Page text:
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Government Spokesmen: Managing Issues, Not News

October 19, 1986|Alan D. Romberg | Alan D. Romberg, now a senior fellow at the Council on Foreign Relations, served as deputy spokesman for the U.S. State Department from 1981-1985

NEW YORK — The resignation of State Department spokesman Bernard Kalb, as an act of dissent over a "reported disinformation program" aimed at Libya, raises many questions--about the policy, about the implementation and about the role of a spokesman.

I understand why Kalb quit--I think. It was a matter of deep anguish over what he perceived to be a disinformation campaign directed, as a matter of conscious policy, through the U.S. press. He felt it hurt his country and, no small thing, he felt it threatened his own credibility. Those who might condemn him for leaving just before the Reykjavik meeting ignore the immensity of the issue for his sense of integrity. What I have trouble coming to grips with is that, despite careless drafting and mindless execution, I am convinced there was no policy of using the U.S. press to spread disinformation.

Unless Kalb speaks out more directly, we won't know the details of his involvement--or lack of it. On the face of it, however, it seems he did not see any planning documents for the Libyan program at the time of the first stories in late August or possibly even after the Oct. 2 Washington Post story that revealed the alleged disinformation campaign in the U.S. media. White House spokesman Larry Speakes said he had not either.

This is not unusual. Spokesmen do not have to know every detail of every policy. But it is foolish, from the government's viewpoint, and unacceptable, from a spokesman's, if he is not included early on, either when there is a media issue or when fallout from a policy could become the focus of public attention.

The problem is not access to people. Speakes sits in on key White House meetings and his counterpart does the same at the State Department. That has been a policy of Secretary of State George P. Shultz since he took office in mid-1982. And someone in the spokesman's office at State spends a great deal of time working with other bureaus within the department, developing questions and answers on coming actions--be it supplies to Chad, sanctions against South Africa, advisers in El Salvador or International Monetary Fund membership for Poland. He spots gaps in the answers and prods policy-makers to respond to questions they might overlook. Elements of a policy have indeed been changed when shown to be logically indefensible

A notable exception to this procedure involves sensitive operations. With the invasion of Grenada in October, 1983, most spokesman were not briefed until 11 p.m. the night before U.S. forces landed, and even then not all were included. As a result, Speakes was burned when he was forced to answer questions from oral guidance. Much the same thing appears to have happened here.

In mid-August the President authorized a plan designed to rattle Libyan strongman Moammar Kadafi's cage. It involved a variety of deceptive actions but not, it appears, lying to the U.S. press.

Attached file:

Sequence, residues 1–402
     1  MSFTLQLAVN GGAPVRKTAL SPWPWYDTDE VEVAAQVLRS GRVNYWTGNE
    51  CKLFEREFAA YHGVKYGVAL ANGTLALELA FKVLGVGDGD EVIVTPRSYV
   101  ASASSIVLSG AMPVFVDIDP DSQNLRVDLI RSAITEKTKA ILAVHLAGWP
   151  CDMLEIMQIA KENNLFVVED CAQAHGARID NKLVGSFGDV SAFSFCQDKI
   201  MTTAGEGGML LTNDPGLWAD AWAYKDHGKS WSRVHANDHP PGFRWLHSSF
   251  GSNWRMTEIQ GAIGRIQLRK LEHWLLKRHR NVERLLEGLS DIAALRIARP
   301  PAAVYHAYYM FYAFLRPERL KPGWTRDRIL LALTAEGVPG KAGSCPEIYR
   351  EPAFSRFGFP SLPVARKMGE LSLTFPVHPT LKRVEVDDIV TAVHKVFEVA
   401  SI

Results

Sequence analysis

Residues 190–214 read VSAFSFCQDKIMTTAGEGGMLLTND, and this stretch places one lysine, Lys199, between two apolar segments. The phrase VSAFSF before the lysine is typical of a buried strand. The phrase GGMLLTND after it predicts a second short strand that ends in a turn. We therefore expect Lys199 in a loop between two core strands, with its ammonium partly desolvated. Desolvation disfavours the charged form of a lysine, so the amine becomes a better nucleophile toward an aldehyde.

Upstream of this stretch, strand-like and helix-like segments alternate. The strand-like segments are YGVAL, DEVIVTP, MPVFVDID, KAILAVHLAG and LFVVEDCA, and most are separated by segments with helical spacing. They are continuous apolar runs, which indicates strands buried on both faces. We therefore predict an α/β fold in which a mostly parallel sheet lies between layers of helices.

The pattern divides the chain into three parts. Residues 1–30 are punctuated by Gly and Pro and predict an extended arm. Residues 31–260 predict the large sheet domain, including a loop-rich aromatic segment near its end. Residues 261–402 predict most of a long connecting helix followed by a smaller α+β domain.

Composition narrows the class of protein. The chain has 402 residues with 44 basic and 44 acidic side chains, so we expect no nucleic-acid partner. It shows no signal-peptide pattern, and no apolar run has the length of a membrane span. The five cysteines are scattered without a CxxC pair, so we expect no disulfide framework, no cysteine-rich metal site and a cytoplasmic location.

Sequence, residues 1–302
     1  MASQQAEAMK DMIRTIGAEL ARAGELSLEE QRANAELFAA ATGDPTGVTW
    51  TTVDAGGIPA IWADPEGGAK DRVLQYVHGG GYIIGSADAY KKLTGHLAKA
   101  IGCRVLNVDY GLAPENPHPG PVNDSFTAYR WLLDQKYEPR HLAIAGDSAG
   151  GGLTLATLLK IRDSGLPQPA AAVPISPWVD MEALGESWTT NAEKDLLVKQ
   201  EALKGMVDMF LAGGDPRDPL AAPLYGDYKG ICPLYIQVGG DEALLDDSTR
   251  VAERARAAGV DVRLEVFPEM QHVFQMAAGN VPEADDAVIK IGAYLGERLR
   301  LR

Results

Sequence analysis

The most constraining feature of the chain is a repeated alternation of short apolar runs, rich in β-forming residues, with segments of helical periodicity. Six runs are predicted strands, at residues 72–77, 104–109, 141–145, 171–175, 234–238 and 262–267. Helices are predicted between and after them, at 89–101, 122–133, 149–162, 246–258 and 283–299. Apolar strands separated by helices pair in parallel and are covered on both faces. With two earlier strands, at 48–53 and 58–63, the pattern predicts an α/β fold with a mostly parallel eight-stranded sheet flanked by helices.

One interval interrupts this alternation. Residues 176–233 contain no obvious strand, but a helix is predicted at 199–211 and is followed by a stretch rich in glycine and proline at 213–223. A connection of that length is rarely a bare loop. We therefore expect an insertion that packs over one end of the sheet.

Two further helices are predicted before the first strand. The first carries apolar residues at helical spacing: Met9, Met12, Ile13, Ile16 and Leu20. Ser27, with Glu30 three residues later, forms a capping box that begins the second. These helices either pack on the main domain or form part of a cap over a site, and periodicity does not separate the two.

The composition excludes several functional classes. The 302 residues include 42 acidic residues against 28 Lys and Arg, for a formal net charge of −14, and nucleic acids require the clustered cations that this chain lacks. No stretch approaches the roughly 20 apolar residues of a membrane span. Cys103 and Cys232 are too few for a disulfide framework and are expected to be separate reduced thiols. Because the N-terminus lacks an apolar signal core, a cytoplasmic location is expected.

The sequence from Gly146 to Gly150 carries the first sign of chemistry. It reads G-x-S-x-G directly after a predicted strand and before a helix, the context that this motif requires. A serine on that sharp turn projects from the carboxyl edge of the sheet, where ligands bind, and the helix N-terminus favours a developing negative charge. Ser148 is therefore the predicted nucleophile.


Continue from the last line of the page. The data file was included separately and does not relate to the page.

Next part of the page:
Nonetheless, a story appeared in the Wall Street Journal on Aug. 25 that contained what appears to be a mixture of fact and fiction. Again, based on oral guidance from National Security Adviser John M. Poindexter, Speakes called the story "authoritative" but "not authorized." The spokesman did not, I believe, seek to mislead the press. He did, however, say the Administration was sending "a warning shot across (Kadafi's) bow." In any case, his response came across as a solid endorsement of the thrust of the story.

It is worth noting that spokesmen in Washington--Speakes was in California--did not endorse the story. As happens every August, coordination within the government was disrupted, including the invaluable interchange among spokesmen and between spokesmen and their "principals." Inevitable gaps in knowledge and interpretation are widened by the void between vacation spots.

A basic problem, however, is a system that does not always involve its spokesmen. In part, one must also say it is the fault of spokesmen who settle for "guidance" from policy officials and do not press for access to the relevant documents--which in my experience can be made available if really necessary.

The problem was compounded by the Administration's stiff reaction to the Post's Oct. 2 story. The President declared, "no one on our side has been lying to anyone." At a minimum, this begged the question of background statements to the Journal in August and sidestepped the misleading--if innocent--official response that the story was "authoritative."

And Shultz, whose integrity I consider beyond question, complicated the matter with his reference to a Winston Churchill quote about attending truth with a "bodyguard of lies." Shultz prefaced that citation with the remark: "I probably shouldn't even say this because you'll give it the wrong interpretation." He was right. He shouldn't have; they did.

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